Make your policies clear and take the opportunity to use or develop flexi or distance working models, if possible. Ensure that the security of your IT systems is up to the task and be very careful on any activity involving money transfer or confidential data being devolved to homeworkers without insuring their systems integrity. Ensure your infrastructure has the bandwidth to cope. Consider alternatives to home connections and look at creating separate working teams to minimise the potential for cross infections.
Look very closely at your business and try to assess how your sector is likely to be affected and build these considerations into your planning. Be proactive and creative, speak with your key customers and suppliers customers and understand what their situation and needs. By opening lines of communication with partners you are likely to find more solutions than problems, building better relationships, understanding and resilience that will give you a solid foundation that will be significant in dealing with issues as they arise.
Don't forget to involve others in your community, Local Authorities, the NHS and bodies like the Continuity Forum can all help you understand the situation as it develops and give guidance that should assist.
Specific areas of activity that we would recommend urgent action is taken on immediately are as follows:
- Consider limiting international travel
- Identify critical staff roles; ensure there is cover in place and appropriately trained
- Liaise with critical partners to join up planning and business priorities
- Ensure BCM plans are up to date
- Ensure Hygiene resources and protocols are in place
- Detail and share organisation policies on staff absence
Statement by WHO Director General, Dr Margaret Chan
Ladies and gentlemen,
Based on assessment of all available information, and following several expert consultations, I have decided to raise the current level of influenza pandemic alert from phase 4 to phase 5.
Influenza pandemics must be taken seriously precisely because of their capacity to spread rapidly to every country in the world.
On the positive side, the world is better prepared for an influenza pandemic than at any time in history.
Preparedness measures undertaken because of the threat from H5N1 avian influenza were an investment, and we are now benefitting from this investment.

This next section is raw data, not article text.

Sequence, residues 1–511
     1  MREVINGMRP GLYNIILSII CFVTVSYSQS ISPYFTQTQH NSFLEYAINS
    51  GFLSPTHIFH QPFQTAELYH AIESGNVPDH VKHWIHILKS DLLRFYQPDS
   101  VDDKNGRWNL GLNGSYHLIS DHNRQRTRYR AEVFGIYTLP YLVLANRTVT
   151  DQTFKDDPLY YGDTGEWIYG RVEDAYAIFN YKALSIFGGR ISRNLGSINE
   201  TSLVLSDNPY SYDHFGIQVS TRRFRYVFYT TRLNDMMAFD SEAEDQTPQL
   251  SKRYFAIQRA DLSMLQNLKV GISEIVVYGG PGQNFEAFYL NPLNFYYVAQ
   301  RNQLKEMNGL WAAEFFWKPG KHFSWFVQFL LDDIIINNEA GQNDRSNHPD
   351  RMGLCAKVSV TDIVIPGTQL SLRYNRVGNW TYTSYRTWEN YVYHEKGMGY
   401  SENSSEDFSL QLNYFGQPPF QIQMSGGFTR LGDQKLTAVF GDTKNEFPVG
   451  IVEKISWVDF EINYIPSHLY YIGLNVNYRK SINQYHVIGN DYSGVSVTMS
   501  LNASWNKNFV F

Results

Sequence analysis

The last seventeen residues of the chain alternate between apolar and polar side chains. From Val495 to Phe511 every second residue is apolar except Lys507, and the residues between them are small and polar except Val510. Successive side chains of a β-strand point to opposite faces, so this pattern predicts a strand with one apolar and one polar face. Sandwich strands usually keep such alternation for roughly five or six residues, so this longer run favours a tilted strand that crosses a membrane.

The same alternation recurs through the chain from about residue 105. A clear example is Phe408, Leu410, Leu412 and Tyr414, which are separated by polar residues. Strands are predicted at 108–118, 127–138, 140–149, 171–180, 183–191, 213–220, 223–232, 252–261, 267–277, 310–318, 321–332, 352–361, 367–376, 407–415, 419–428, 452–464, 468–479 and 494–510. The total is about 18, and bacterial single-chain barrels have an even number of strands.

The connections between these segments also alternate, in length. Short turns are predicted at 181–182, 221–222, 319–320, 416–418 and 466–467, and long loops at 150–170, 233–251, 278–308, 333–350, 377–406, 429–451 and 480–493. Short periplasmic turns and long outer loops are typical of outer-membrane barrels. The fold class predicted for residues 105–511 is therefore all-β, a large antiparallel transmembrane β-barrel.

For the first time in history, we can track the evolution of a pandemic in real-time.
I thank countries who are making the results of their investigations publicly available. This helps us understand the disease.
I am impressed by the work being done by affected countries as they deal with the current outbreaks.
I also want to thank the governments of the USA and Canada for their support to WHO, and to Mexico.
Let me remind you. New diseases are, by definition, poorly understood. Influenza viruses are notorious for their rapid mutation and unpredictable behaviour.
WHO and health authorities in affected countries will not have all the answers immediately, but we will get them.
WHO will be tracking the pandemic at the epidemiological, clinical, and virological levels.
The results of these ongoing assessments will be issued as public health advice, and made publicly available.
All countries should immediately activate their pandemic preparedness plans. Countries should remain on high alert for unusual outbreaks of influenza-like illness and severe pneumonia.
At this stage, effective and essential measures include heightened surveillance, early detection and treatment of cases, and infection control in all health facilities.
This change to a higher phase of alert is a signal to governments, to ministries of health and other ministries, to the pharmaceutical industry and the business community that certain actions should now be undertaken with increased urgency, and at an accelerated pace.
I have reached out to donor countries, to UNITAID, to the GAVI Alliance, the World Bank and others to mobilize resources.
I have reached out to companies manufacturing antiviral drugs to assess capacity and all options for ramping up production.
I have also reached out to influenza vaccine manufacturers that can contribute to the production of a pandemic vaccine.
The biggest question, right now, is this: how severe will the pandemic be, especially now at the start?
It is possible that the full clinical spectrum of this disease goes from mild illness to severe disease. We need to continue to monitor the evolution of the situation to get the specific information and data we need to answer this question.
From past experience, we also know that influenza may cause mild disease in affluent countries, but more severe disease, with higher mortality, in developing countries.
No matter what the situation is, the international community should treat this as a window of opportunity to ramp up preparedness and response.
Above all, this is an opportunity for global solidarity as we look for responses and solutions that benefit all countries, all of humanity. After all, it really is all of humanity that is under threat during a pandemic.
As I have said, we do not have all the answers right now, but we will get them.
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The Continuity Forum Team